BCR-ABL1 TKIs in Relapsed/Refractory CML - Episode 9

Bosutinib Versus Ponatinib in R/R CML

June 24, 2019

Harry Erba, MD, PhD:Jorge, can you, discuss some of the risks and benefits, the toxicity profiles, of bosutinib versus ponatinib in patients with relapsed-refractory disease.

Jorge Cortes, MD:The third person becomes relevant when we consider that in the third-line setting, those are the 2 drugs that have prospective data from clinical trials. In the bosutinib study that led to the approval in the salvage setting, there was a cohort of patients who had received prior imatinib and either dasatinib or nilotinib—resistance or intolerance. And of course, the ponatinib study was specifically for patients who had received at least 2 tyrosine kinase inhibitors [TKIs] or more. There were a few patients who had received only 1 because they had theT315I, but overwhelmingly it’s 2 or 3 or more tyrosine kinase inhibitors.

That’s where that comparison becomes important. I think what you see there is that in terms of efficacy, just look at the raw data. Of course these are different studies and you can look at differences in population, but just looking at the raw data, the response rate with ponatinib is much higher. The major cytogenetic response is 60% to 70%, even if you take away theT315I, because we know bosutinib doesn’t work there. But even then, it’s a good 60% to 65%. With bosutinib it’s about 40%. It’s nice to have that, but there is a difference there.

I think in terms of efficacy the third line—let’s not forget that the ponatinib has a number of patients who have seen 3 or more tyrosine kinase inhibitors. Here we’re talking about 2 prior tyrosine kinase inhibitors—prior only with the bosutinib study. Efficacy-wise, there’s clearly an advantage there.

There have been some statistical comparisons. We can see that difference, both in putting these studies side to side and clinically, I think it is fair to say.

You asked about the safety, and the big difference there are the arterial occlusive events.… That’s where we started seeing those risks, and then we recognized that it happens with other tyrosine kinase inhibitors. But ponatinib probably has it more than others, and if anything, of the second-generation TKIs, bosutinib has the lowest risk, although we have seen them reported at least.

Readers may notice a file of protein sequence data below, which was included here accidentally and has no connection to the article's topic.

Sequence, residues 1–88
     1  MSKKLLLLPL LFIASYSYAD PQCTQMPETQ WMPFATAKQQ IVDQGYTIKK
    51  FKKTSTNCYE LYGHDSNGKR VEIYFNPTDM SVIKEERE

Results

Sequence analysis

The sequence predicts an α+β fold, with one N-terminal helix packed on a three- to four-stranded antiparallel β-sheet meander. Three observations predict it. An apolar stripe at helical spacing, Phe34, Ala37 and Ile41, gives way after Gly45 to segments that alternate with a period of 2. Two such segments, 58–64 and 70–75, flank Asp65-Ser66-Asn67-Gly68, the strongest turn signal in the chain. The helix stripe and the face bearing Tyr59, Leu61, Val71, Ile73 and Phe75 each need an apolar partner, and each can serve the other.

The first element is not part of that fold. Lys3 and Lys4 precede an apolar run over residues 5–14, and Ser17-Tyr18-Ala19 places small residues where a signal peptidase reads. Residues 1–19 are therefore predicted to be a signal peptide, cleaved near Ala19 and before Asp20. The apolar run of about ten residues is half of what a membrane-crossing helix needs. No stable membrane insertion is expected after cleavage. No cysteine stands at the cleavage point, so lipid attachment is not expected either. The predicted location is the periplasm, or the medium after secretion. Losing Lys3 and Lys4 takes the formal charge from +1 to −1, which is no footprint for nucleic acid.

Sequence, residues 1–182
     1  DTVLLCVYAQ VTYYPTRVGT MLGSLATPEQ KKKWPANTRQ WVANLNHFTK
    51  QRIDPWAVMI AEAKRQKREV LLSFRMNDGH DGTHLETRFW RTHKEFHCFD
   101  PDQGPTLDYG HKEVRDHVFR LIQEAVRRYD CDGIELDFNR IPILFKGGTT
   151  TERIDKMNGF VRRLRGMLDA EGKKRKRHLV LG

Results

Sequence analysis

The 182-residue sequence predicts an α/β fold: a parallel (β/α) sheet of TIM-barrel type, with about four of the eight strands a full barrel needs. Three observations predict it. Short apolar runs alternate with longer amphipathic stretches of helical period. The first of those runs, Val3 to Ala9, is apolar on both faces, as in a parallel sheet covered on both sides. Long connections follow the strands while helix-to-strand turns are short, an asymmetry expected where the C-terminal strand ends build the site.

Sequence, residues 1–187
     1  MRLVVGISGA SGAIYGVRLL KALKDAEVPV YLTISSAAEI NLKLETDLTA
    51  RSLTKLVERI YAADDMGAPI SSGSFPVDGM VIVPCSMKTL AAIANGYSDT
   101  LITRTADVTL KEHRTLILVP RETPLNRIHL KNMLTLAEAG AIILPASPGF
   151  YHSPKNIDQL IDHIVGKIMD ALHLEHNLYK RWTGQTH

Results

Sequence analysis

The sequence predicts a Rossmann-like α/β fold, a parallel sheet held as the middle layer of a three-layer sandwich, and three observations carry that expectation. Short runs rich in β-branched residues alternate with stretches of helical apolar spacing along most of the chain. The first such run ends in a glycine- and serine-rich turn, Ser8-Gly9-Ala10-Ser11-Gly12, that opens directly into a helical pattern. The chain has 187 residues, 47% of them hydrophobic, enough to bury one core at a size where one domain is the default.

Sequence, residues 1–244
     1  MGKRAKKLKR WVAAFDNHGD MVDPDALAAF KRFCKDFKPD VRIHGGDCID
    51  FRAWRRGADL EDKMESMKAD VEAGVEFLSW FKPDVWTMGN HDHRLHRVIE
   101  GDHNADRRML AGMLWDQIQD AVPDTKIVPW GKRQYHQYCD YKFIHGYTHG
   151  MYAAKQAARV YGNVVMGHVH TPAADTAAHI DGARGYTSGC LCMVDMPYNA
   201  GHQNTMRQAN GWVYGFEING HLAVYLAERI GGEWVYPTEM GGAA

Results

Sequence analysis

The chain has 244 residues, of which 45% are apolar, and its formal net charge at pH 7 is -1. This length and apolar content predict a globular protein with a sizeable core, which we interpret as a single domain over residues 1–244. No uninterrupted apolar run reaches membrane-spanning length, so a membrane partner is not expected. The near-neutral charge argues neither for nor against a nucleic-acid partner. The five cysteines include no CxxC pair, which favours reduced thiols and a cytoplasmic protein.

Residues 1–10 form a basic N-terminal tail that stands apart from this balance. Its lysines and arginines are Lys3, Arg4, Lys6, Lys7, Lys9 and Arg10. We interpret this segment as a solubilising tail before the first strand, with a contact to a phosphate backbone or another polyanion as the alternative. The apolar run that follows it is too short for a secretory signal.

Obviously what’s important here is that I mentioned ponatinib is a great drug, and I use it. I’m not afraid of using ponatinib in the right patient. For a patient who has had 2 or 3 TKIs, if I have to use ponatinib, I’m going to use it. I would start with a lower dose. If they have comorbidities, I’ll manage them.

There are patients who have way too many comorbidities. It’s good to have bosutinib, and there are patients for whom I’m going to use bosutinib. But I think that in the right context, in that third-line setting and certainly more, ponatinib is the most effective drug.

Harry Erba, MD, PhD:That’s what I hear you saying—patients who do not have cardiovascular risk factors, based on the efficacy, you would use ponatinib or bosutinib. As long as I’m on that topic, let me ask you 1 other thing. Have you ever used ponatinib in order to get a patient into a deeper remission for treatment-free remissions?

Jorge Cortes, MD:No, I have not. But what I’ve done is, some of my patients on the PACE study have gotten such a good response that I have 3 or 4 patients for whom I had stopped therapy. They had a great response, and it’s 3 or 4 patients, but they’re maintaining their response. It’s definitely doable because you can get to those responses.

Harry Erba, MD, PhD:What I heard you saying there then, if there was a clinical indication for switching to ponatinib, such as in the PACE trial, then that might actually become an option. But for a patient who’s meeting all the milestones and is just interested in a treatment-free remission, you think there might be other options to get them there besides ponatinib.

Jorge Cortes, MD:We haven’t done it, but it probably would work. We’ve seen it with nilotinib. There’s been an intentional study…for patients on imatinib. You put them on nilotinib, and some of them—not everybody, but some of them—do get to that milestone. I’m sure that if we did the same thing with ponatinib, we’ll get that many or more. We haven’t done it—and again, you always have to calculate that risk-benefit ratio—but certainly I think that it could happen.

Transcript edited for clarity.